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UK Starts 2024 Fighting Floods - Has Climate Change Made This The New Normal?

The Flooding Incidents of 2024 So Far

January 2024

Storm Gerrit ran through Scotland, Wales, Northern Ireland, and the North of England in late December 2023, with its high winds causing power outages, road blockages, and loss of life. Gerrit’s heavy rain and snowfall also caused flooding in those affected areas – particularly,

Scotland and Yorkshire Thereafter right as 2023 became 2024, Storm Henk dropped 40mm of rain over a span of 24 hours across the south of England and Wales. Flood warnings and alerts abounded on January 4th. 

Northamptonshire’s River Nene rise caused an evacuation of a caravan park in Great Billing, Northampton with 31 people and their pets taken to safety. River Nene’s levels eventually reached 1cm shy of its 1.64m record, which was previously set in December 2020. 

Worcestershire was badly affected too. The River Severn had been high three times during winter months, peaking on the 3rd of January when parts of the city of Worcester in particular were flooded and homes evacuated. As with the River Nene, the River Severn was very close to its peak record, again set in 2020. 

The town of Tewkesbury in Gloucestershire is very susceptible to flooding. Both the River Severn and River Avon run around the town, as well as smaller rivers and brooks through the middle. Pictures of the flooding of Tewkesbury Abbey on the 5th of January were particularly stark – an eerie repetition of the same situation that occurred in the summer of 2007.

The Environment Agency announced that 102,000 properties had been protected during Storm Henk, but 2,200 had been damaged. The damage will cost roughly £150M. Sadly, two people also lost their lives.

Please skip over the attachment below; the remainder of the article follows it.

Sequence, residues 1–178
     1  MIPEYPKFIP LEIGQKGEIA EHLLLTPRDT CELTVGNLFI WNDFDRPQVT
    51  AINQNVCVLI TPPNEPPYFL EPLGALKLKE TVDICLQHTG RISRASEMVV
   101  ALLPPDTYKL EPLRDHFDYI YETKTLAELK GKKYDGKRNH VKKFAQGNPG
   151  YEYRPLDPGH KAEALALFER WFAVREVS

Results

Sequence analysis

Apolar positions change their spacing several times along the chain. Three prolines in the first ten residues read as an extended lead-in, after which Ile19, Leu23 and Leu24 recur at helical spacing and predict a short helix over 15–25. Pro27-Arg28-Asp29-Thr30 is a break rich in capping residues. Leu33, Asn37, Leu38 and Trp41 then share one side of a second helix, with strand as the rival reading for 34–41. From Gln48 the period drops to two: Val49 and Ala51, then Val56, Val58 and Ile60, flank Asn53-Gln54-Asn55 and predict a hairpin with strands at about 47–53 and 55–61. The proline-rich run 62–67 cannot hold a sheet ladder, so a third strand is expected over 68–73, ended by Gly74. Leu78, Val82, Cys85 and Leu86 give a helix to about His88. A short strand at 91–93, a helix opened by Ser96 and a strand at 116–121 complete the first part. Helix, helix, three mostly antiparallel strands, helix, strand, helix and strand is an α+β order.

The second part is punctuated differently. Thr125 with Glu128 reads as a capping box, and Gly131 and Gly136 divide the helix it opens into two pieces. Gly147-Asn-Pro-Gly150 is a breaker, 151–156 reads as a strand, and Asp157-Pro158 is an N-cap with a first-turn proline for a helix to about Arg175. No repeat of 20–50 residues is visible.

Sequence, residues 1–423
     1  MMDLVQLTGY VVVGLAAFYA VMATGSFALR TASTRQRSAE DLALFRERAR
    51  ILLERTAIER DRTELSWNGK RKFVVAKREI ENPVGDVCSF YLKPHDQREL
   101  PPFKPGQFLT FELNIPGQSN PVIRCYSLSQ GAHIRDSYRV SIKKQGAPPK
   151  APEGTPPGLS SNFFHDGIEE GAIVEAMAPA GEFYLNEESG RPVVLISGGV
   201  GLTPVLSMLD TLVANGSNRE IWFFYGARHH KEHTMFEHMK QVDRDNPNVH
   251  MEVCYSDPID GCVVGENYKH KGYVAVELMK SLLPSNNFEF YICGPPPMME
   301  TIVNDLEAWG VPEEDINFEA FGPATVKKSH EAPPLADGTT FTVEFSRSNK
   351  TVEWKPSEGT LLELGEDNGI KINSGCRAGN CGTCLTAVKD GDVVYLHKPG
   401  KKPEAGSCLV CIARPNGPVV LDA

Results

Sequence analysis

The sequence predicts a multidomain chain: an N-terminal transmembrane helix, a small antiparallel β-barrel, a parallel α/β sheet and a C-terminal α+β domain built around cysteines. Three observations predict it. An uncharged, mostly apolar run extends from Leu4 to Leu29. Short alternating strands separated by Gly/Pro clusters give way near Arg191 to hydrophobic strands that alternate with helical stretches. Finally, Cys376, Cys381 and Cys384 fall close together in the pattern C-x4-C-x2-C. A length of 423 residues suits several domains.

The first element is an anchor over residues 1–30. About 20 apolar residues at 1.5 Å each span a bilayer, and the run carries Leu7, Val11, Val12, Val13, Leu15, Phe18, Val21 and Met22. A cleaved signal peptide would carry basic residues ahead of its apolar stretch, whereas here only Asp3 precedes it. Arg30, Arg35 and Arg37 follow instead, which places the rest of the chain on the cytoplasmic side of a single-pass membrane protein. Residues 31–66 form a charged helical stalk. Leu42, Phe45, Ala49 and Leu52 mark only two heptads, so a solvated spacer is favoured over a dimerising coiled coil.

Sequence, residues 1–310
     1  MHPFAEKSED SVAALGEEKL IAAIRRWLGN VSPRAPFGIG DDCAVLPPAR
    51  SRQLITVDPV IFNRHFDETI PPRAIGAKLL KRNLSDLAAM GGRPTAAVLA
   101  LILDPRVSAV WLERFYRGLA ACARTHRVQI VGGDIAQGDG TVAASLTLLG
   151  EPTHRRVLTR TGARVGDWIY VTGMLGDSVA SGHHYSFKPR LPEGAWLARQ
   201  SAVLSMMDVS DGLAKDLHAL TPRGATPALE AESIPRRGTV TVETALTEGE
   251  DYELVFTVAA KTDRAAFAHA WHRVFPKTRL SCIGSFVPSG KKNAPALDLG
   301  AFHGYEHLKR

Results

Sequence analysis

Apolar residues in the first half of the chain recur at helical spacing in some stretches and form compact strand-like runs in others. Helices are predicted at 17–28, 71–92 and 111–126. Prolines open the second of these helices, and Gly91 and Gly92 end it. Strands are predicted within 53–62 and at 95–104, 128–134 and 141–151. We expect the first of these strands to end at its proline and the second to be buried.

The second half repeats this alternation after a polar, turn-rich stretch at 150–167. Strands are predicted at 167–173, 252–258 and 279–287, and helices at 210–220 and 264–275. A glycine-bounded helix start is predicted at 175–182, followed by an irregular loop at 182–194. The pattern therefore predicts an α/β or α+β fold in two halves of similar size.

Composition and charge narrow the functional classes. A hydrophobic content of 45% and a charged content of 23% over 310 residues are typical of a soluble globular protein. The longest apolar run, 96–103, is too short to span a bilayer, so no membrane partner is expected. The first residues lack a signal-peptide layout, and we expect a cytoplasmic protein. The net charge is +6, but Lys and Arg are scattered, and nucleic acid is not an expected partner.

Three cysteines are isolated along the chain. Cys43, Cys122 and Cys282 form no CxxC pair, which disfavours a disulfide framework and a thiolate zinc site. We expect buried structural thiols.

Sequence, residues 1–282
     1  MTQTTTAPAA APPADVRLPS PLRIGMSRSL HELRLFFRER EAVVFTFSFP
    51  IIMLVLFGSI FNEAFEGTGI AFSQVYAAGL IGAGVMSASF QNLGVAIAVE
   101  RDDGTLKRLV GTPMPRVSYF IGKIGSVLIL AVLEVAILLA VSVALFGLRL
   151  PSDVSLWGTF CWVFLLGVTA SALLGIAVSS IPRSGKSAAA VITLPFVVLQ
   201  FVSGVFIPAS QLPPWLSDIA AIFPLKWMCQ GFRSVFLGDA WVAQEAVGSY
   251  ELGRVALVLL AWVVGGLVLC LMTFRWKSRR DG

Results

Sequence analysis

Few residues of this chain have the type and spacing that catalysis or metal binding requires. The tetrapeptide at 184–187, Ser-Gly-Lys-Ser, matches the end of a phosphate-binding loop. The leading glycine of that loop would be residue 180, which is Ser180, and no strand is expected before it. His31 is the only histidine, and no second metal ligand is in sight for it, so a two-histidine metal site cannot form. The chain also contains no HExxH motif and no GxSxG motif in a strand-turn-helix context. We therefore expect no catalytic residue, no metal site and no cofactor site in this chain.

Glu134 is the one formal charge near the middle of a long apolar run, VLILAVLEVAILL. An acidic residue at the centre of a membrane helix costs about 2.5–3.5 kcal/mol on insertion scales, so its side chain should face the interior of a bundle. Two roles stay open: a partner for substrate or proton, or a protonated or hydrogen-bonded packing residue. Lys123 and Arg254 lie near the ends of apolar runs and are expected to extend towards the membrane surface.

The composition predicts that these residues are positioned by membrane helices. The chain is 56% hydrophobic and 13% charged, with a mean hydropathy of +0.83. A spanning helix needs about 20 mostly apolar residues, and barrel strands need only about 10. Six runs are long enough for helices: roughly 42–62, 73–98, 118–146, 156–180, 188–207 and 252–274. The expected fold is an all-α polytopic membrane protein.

February 2024

The mainland was saturated from the downpours in January, and rainy spells continued to maintain it in February. East, West, and South-coast areas of the UK received flood warnings on the 10th of February, while areas of Wales and the Peak District were subjected to snowfall and ice. 

More flood warnings were issued on the 21st of February across much of the east, with water breaking onto roads and into properties. 

The Climate Question

Invariably, climate-change deniers recall past extreme weather events in a bid to downplay the uniqueness of single occurrences. However, those arguments fall flat when it comes to frequency coupled with severity. Generational floods are happening in tighter and tighter time frames. 

Looking at the levels of the River Trent, scientists found that the highest peak level one would expect across a fifth-year period is now happening once every ten years . Climate change is a contributing factor, As well as the river’s own cyclical patterns climate change is a contributing factor.

It has been well-documented that climate change’s most discussed and key indicator is its warming of the planet. The Earth is getting hotter and hotter. What this does is create an atmosphere that holds more moisture. What follows? Heavier rain. The wettest period in the UK on record was from July 2023 to December 2023, right as Gerrit arrived, with Henk following shortly after.